People will tell you that school will be the least of your problems in the long run, and while that may be true, it doesn't reduce any of the maddening stress that can come with education. One easy solution to managing the chaos is to compartmentalize your goals as a student.

1. Work on keeping a positive outlook!

Negativity is a slippery slope that is easy to find yourself falling down. It's easy to get into the habit of only seeing the bad parts of school — numerous deadlines, difficult homework, nerve-wrecking classroom speeches — anything that can really dampen our days. We often find ourselves overlooking the fact that we caught lunch with friends, got a good grade on a difficult project, or even just managed to get more than seven hours of sleep.

By no means am I trying to imply that anyone pretends just to be happy. Expressing your emotions is incredibly important to good mental health. It's a completely different matter to wallow in the bad aspects of one's day.

2. Set a standard for yourself!

Growing up my parents were heavily involved with my education and always pushed me to strive for the best grades possible. It's largely because of them that I care so much about making the Dean's List or keeping my GPA upwards of 3.5. This drive is something that they, nor myself, have given up even after I entered college. It's only after my first year of college that I realized how important it was to meet my own academic standard. I heard COUNTLESS students discuss, either seriously or jokingly, how "D's get degrees," or "I just need a C," and it quite honestly disheartened me.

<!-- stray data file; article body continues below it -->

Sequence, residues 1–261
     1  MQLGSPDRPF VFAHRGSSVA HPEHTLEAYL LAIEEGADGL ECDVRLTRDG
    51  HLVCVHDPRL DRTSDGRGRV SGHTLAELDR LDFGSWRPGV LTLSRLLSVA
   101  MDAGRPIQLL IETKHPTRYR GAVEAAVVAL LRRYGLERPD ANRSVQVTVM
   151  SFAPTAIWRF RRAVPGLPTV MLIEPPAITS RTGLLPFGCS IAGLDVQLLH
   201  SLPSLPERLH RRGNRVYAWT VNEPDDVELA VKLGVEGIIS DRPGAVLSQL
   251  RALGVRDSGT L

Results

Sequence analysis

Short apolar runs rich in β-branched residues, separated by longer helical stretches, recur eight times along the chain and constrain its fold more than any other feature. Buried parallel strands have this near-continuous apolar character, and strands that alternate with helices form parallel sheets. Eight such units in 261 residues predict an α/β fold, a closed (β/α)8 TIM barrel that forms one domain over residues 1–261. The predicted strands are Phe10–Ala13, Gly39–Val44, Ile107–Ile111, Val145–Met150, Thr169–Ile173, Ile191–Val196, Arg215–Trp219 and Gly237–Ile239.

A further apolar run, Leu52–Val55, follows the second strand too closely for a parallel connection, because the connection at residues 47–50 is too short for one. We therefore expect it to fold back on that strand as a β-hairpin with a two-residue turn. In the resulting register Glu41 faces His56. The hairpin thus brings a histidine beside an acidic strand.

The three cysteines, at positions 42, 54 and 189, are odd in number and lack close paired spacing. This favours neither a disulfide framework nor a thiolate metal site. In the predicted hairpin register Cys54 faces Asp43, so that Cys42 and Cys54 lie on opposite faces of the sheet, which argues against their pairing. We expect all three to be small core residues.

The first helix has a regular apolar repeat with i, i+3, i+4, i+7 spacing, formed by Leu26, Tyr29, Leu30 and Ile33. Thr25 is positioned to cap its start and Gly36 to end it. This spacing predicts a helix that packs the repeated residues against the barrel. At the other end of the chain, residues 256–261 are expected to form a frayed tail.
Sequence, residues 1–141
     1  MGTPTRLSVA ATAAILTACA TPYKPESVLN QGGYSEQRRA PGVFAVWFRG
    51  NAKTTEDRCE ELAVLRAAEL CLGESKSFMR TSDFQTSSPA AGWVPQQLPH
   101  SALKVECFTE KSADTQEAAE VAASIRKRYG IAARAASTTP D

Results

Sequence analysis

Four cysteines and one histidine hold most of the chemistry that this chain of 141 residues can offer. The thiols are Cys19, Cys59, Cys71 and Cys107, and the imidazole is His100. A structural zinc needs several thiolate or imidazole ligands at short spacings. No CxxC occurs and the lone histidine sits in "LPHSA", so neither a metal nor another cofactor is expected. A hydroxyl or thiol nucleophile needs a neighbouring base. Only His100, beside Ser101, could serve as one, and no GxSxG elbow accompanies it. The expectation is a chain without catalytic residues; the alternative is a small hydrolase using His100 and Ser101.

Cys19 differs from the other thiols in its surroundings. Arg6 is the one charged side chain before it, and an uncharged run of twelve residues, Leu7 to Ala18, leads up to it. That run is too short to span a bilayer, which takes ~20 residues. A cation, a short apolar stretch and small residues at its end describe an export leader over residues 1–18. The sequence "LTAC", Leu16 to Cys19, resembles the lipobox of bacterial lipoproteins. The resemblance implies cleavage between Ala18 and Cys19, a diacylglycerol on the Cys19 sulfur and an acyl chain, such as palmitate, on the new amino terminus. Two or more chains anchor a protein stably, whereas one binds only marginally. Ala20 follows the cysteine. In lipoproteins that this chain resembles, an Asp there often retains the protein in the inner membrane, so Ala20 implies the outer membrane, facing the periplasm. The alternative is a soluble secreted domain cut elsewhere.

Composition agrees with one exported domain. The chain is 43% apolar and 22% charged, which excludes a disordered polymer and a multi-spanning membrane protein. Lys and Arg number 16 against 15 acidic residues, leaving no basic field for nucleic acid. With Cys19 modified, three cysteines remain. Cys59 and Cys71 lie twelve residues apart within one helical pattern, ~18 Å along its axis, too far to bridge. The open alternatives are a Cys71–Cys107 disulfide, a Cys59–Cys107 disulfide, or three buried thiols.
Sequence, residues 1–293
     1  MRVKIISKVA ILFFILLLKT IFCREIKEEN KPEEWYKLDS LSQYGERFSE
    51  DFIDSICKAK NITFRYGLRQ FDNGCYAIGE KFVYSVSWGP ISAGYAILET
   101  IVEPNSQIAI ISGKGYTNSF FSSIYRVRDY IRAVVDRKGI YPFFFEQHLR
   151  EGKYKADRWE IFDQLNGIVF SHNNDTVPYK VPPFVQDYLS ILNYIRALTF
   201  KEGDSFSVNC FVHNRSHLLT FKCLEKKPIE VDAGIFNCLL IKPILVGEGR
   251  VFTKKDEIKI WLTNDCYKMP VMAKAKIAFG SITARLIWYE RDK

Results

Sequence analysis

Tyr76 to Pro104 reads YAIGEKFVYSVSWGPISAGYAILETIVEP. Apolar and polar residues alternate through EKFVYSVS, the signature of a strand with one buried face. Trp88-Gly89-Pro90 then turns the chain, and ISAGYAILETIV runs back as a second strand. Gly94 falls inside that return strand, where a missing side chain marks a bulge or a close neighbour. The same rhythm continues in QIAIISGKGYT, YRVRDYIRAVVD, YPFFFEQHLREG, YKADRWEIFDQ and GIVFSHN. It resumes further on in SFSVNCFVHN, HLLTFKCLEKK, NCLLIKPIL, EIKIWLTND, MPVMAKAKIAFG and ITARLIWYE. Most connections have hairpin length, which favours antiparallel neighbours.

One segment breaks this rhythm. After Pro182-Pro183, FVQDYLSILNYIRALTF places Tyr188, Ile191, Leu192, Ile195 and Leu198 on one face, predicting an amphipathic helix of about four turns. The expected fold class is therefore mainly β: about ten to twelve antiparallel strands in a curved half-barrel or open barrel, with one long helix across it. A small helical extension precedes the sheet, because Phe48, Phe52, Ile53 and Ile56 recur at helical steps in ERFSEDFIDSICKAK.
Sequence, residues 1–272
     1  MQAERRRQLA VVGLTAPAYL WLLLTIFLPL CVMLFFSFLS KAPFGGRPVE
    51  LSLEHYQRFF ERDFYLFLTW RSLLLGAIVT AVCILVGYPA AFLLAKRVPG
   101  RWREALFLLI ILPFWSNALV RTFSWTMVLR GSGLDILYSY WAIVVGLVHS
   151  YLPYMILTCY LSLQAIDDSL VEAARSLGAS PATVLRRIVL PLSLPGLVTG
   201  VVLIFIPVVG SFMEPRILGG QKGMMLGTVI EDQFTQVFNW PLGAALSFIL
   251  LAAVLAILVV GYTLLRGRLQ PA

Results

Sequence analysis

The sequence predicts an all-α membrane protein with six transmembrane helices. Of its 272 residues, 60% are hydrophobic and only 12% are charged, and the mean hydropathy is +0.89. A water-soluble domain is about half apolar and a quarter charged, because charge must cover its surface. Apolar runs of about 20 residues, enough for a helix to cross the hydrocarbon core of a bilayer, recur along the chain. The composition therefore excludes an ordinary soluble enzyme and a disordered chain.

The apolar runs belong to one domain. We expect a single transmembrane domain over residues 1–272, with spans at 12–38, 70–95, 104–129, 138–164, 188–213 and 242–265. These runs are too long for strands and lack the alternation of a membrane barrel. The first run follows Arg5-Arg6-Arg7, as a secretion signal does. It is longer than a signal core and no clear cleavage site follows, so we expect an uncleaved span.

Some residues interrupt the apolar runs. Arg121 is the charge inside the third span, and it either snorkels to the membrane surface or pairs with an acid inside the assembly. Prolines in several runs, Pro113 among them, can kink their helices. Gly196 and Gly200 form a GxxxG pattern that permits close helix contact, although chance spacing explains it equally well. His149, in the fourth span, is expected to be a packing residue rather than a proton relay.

Given that, in America at least, we've got to pay for our education in one way or another. It doesn't make sense to spend thousands of dollars on schooling or dual credit classes, and just go in to do the bare minimum or simply wing it.

When you set a goal for yourself, there are better odds that you'll make small efforts to make your goal. Maybe you pay more attention in class, work harder on assignments, etcetera, but odds are you won't make those changes until you've set a goal for yourself to reach or exceed. By no means should your goal be an A+ or 4.0, your goal should be tailored to you, your abilities, and be set to something that you can strive for without making yourself stressed out.

3. Try to join a new group!

Not all school-related goals have to be centered around letter grades or your GPA, it's important to try and improve all aspects of yourself in reasonable ways, and if you're anything like me then you could benefit from practicing simple socialization. Whether its a study group, student council, yearbook, or even just joining your college's own Odessey team, joining any one'sgroup can help you improve your people skills, public speaking, dedication to others, and plenty of other skills that are more closely linked to the group you plan on joining.

Furthermore, joining just about any group is something that's great to put on your resume or simply add some excitement into your afterschool life.

4. Get and Stay Organized!

This goal is extremely straightforward, and honestly, is the most attainable goal you could ever set. It could be your schoolwork or your dorm or bedroom. The latter is especially nice because then you don't have to feel like a doofus when your roommate brings over a friend and your side of the room looks like a hot mess — not that I'd know what that feels like!